New Names

by: Guy Templeton

August 23, 2013
Karol Józef Wojtyła chose the name Pope John Paul II

Karol Józef Wojtyła chose the name Pope John Paul II

In the Bible, people change names.  Two examples are:  Abram became Abraham, Jacob became Israel.

In the Catholic Church, a pope picks his new name:  Josef Ratzinger became Pope Benedict XVI, Karol Józef Wojtyła became Pope John Paul II.

In the Mormon Church, we are given a new name in the temple, but it is not our choice.  Would you like the option to pick your new name like the Catholic Church does, or do you like the temple procedure?

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11 Responses to New Names

  1. Jenn on August 23, 2013 at 11:54 AM

    Oh, a thousand times over, I’d love to have an input into the name! The fact that the church only has 31 names per gender at a given time… and the female names in the bible to choose from are VERY limited. I’m SO glad I wasn’t given a name like Huldah.
    But something like Abish (one of 2 named females unique to the BoM)- that would be cool.

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  2. hawkgrrrl on August 23, 2013 at 12:22 PM

    I’m not sure the new name idea in the LDS church is similar. In other faiths, it’s about choosing an actual name you will be known by, not just a password.

    There is a question about the naming procedures for babies, though. Parents often name their babies based on the names they think will ensure their child’s success. Some cultures (with high infant mortality) don’t name them at birth. And of course in Dances with Wolves they got a name based on their personality or observed behaviors. I suppose all names have some kind of story associated with them that allows the child to reflect on his or her identity either in contrast to the name or in conjunction with the name.

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  3. Jeff Spector on August 23, 2013 at 1:34 PM

    I was always curious about people that name their children after themselves. What’s up with that? in the Jewish tradition, you always name the child to honor a deceased family member, not oneself. Never done. Or not supposed to be.

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  4. Hedgehog on August 23, 2013 at 1:36 PM

    Like hawkgrrrl I regard more as a password, certainly not a name I’d use otherwise.

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  5. Mary Bliss on August 23, 2013 at 9:40 PM

    I seem to recall that Abram and Jacob and Sarai were told what their new names were.
    I rather like the idea of a name being given as a gift and as an expression of God recognizing my starting a new level or stage of life.
    If I choose the name, it’s me expressing me. If the name is given to me, it is an symbolic expression of the giver.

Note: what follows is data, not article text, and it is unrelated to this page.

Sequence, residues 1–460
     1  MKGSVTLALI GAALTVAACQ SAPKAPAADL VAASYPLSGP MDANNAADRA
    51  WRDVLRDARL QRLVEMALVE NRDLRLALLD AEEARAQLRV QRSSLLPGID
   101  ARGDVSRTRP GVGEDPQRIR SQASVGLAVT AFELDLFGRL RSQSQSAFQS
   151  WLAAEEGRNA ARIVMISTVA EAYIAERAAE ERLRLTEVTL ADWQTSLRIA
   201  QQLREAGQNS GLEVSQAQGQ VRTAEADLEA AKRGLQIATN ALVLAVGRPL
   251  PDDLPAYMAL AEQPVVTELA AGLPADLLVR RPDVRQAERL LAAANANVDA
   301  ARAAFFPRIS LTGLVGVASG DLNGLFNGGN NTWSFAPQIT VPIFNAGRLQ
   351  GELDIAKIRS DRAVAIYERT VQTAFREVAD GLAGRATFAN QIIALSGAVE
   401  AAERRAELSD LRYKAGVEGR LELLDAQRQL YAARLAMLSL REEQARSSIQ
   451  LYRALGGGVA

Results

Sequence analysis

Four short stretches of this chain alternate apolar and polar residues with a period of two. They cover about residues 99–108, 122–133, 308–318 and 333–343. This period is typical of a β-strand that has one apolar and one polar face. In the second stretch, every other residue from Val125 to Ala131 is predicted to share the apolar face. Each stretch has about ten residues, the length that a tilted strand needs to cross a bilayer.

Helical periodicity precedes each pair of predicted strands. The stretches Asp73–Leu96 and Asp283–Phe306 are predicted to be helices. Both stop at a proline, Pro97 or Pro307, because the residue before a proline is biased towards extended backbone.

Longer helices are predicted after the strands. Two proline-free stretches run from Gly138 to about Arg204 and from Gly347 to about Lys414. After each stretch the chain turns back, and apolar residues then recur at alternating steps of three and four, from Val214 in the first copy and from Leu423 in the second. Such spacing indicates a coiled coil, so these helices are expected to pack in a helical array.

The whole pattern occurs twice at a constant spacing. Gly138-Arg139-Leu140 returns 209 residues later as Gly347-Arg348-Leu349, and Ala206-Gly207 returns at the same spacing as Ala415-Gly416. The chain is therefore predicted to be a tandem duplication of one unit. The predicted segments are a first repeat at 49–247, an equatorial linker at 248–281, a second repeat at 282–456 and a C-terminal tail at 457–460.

And in a religious context I prefer the latter.

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  6. Roger on August 24, 2013 at 11:01 AM

    Names can mean a lot. I always found it interesting that Lenin, Stalin and Trotsky were names chosen by their bearers in adult life.

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  7. Annika on August 24, 2013 at 12:35 PM

    I like the idea of choosing your own name. I spend a lot of time looking at names and their meanings, and I think it would be wonderful to choose a name for myself that represented qualities I would like to have.

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  8. Michael on August 25, 2013 at 9:48 AM

    For those commenters who may not be familiar with Catholic practice, all active Catholics go through the “new name” biblical tradition during the sacrament (ordinance) of Confirmation when they choose a name which comes to be known as their “confirmation” name. This usually happens in their early or later teen years. The name becomes part of one’s full name during their life. Many Catholic youth are urged to study the lives of the Saints and choose the name of a person who inspires them.

    The choosing of a new name for those who dedicate their lives to Christ as priests or nuns is similar but not the same as a confirmation name.

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  9. MH on August 25, 2013 at 10:39 AM

    I don’t know how special a new name can be when it is assigned by what day of the month it is. Oh today is Aug 25, so your new name is “Paul” or “Mary” or whatever. I have a hard time feeling inspiration is involved when efficiency is the goal. I doubt anybody gets the name “Jehosophat” or “Ezekiel” or “Bertha” or “Delilah” or “Jezebel”.

    I think choosing your name would involve more inspiration than having it handed to you because of what day it is.

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  10. hawkgrrrl on August 25, 2013 at 3:24 PM

    Catholicism has the benefit of basically getting two birthdays: your birthday and your saint’s day. So that part is pretty cool!

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  11. Last Lemming on August 26, 2013 at 8:18 AM

    The Church’s current practice allows forgotten names to be recovered. (This happened to my mother-in-law). Picking your own name would make that much more difficult.

    And let’s not forget that there are three names associated with the temple ceremony and the order in which they are encountered is not a coincidence. I think one would be well advised to focus on the third one rather than the first.

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